- The program's legality discussed at length on PowerLine. Here for instance, though you could spend a whole lot of time sorting through their December archive.
- Some historical perspective with respect to Lincoln here and here.
- More perspective here.
- His sources: true American patriots with no axes to grind? (More.)
- National security: damaged? [2/2: "Very severe[ly]".]
- Leaking, NSA v. Plame: Double-standards? Ties?
- Michael Barone scrutinizes Risen's Today show appearance.
- [1/13] A touchstone: The NY Times and Clinton's Echelon program.
1/11: Peter Bergen, CNN Terrorism Expert. He contributes to a variety of media outlets, including the hard-left Mother Jones and pretty-far-left The Nation magazine. Even so, he seems reasonably well respected across the political spectrum. On tonight's Daily Show, Bergen suggests that our invading Iraq was Bin Laden's "Christmas present." I think Bergen's school of thought is that devout Bin Laden hated secular Saddam Hussein. That school of thought is presently being shaken by what we're finding in Iraq: at least 8,000 radical Islamic terrorists trained in Iraq from 1999 to 2002. Thomas Joscelyn is understandably critical.
1/16: Eugene Jarecki, director of "Why We Fight" (I didn't see this segment). Clive Davis wasn't impressed by it. Time magazine says "the documentary[-producing political] left is back in the Iraq business with Eugene Jarecki's Why We Fight ... The film is, of course, a handbook for the converted. Those in agreement will see it, those opposed will ignore it. That is the fate of political documentaries in an age when the left mostly talks to itself." (I'm glad to watch it myself and review it if anyone's really interested.)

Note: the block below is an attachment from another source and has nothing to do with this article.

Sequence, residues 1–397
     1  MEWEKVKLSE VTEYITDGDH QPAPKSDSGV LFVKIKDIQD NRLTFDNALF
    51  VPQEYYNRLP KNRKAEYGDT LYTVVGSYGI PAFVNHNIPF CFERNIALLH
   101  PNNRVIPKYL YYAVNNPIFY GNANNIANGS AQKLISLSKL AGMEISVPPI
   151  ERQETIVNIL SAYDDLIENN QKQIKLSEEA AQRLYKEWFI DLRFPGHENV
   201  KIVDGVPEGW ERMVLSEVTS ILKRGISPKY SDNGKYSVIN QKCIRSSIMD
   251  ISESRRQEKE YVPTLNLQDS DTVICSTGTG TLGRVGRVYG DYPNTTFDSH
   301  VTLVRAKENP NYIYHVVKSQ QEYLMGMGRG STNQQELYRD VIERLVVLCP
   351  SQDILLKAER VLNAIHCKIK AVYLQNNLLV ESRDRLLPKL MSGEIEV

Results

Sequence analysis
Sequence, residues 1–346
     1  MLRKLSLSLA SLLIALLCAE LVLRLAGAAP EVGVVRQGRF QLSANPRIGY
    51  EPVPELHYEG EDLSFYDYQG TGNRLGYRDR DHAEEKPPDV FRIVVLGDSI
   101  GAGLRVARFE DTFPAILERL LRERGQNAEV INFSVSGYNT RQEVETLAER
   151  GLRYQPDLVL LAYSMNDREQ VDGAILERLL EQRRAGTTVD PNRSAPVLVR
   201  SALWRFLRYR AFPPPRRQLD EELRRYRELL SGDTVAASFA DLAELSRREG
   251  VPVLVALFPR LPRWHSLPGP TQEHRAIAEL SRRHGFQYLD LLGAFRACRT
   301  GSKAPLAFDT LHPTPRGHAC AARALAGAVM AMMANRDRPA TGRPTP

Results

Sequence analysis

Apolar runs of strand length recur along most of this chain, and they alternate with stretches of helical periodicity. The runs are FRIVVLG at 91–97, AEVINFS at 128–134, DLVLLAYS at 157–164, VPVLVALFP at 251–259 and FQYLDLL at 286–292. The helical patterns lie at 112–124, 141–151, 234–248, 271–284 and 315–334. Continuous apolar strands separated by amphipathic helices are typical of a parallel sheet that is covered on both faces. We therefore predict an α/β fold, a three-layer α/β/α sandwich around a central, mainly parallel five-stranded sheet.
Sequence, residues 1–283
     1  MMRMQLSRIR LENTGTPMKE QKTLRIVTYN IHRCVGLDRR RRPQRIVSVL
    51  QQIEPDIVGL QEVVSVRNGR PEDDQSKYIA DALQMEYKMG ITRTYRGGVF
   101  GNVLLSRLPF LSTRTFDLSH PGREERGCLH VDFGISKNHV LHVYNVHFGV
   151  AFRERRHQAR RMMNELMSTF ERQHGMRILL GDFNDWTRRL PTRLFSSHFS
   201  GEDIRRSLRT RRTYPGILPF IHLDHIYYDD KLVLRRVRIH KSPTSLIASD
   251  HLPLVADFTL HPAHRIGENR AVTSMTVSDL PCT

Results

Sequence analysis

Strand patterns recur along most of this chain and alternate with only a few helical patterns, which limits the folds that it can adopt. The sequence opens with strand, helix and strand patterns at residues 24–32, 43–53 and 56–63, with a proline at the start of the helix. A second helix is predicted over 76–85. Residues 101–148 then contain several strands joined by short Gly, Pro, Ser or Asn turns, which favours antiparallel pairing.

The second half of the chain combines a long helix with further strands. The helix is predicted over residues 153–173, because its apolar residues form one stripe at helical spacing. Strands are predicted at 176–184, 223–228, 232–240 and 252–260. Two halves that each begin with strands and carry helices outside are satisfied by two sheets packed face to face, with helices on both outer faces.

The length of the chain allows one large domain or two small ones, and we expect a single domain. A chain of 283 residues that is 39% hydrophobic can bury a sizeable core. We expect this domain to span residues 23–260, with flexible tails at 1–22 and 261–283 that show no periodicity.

1/18: Hats off to James Woolsey, former CIA director. Had some good things to say. Jon Stewart mentioned in passing, "I know you think we're in World War 4..." Indeed some of us do. Woolsey took part in a teach-in at UCLA.
1/30: Bernard Henri-Levy gave an interesting interview on 1/26. Here's a review of his time on C-SPAN with Bill Kristol, by the Powerline folks.
Friday, January 13, 2006
Message of the Day
Wednesday, January 04, 2006
"Why do you blog?"
Like many families, ours has a political divide. During Christmas dinner, conversation turned briefly to politics and my blog. My brother showed my cousin my blog on his PDA.
My cousin asked: "So why do you blog?"
Me (after some thought): "How do you decide who to vote for?"
One facetious answer. Otherwise silence.
My cousin: "That [question] is your answer?"
"That's the beginning of the discussion."
I'd like to write more about why I blog, and I'd like this blog to be about much more than politics. It's on my list of things to do.
The question: How do you decide who to vote for?
My brother's facetious answer: "Whoever minimizes my taxes, leaving me the most money."